Tips for helping wildlife
Read our top tips for transforming any outdoor space into a haven for wildlife!
Leave the weeds!
Let a patch or all of your lawn grow wild and don’t clear out the weeds. Wild flowering plants such as dandelion, knapweed, white-dead nettle, thistle and clover are brilliant nectar sources for butterflies and other pollinating insects, plus their seeds also feed birds.
Avoid using weed killer as this contains strong chemicals that can devastate local insect populations. By allowing insects to thrive in your garden you will also support bats - look out for them flitting over your garden on summer evenings!
Lush lawn by Emily Sabin
Create a log pile
Decaying wood is brilliant for insects like beetle larvae, woodlice and earwigs, and twigs are also an important nest building material for birds. Keeping wood debris in your garden is an easy way to help wildlife.
You can pile up any larger pieces of wood you have to hand in a shady spot to make a log pile habitat for insects. Tuck in twigs and fallen leaves amongst the logs to complete the cosy home. Wood mice, toads, slow worms and hedgehogs may move in too if you’re lucky!
Dig out a pond
Ponds are a lifeline for many creatures and you will be amazed at how quickly insects, amphibians and plants will take up home as soon as you put a pond in! This page has lots of information on how to start a pond and what to grow around the edges.
It is recommended that you do not add any fish to your wildlife pond, particularly if it is not a large pond, as fish can easily outcompete other species for food and also love to eat the spawn of frogs and newts.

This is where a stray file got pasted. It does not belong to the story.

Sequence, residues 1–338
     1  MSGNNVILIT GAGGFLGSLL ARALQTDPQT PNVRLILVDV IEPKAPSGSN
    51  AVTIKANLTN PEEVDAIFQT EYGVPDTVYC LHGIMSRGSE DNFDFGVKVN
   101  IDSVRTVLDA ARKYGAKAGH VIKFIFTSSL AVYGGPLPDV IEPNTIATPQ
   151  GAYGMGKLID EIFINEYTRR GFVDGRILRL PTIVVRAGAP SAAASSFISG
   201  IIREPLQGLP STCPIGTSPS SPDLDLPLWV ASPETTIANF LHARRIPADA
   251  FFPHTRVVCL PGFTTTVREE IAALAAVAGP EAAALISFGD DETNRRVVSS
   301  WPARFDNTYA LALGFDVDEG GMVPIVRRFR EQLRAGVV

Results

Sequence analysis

Common frog by Graham Ainge
Feed the birds
Blue tits by Emily Sabin
Offer a range of high-energy food including sunflower seeds, fat or suet balls, mealworms and peanuts (in a mesh feeder). Remember to keep all bird feeders clean to prevent bacteria build-up. Scatter soaked sultanas and raisins around for ground-feeding birds such as blackbirds and thrushes.
You could also grow garden trees and plants that produce fruit, berries, hips, seeds and nuts. Try holly, hawthorn, cherry, blackthorn, ivy, rowan, crab apple, honeysuckle and dogwood.
Consider cat behaviour
Cute, cuddly, and perfectly adapted garden predators. Cats are not a natural part of the food chain and are able to kill up to10 times more wildlife than other similar-sized wild predators.
Try to limit their hunting instincts by placing bird feeders out of reach and keep cats indoors as much as possible during spring when birds are nesting and vulnerable babies are fledging.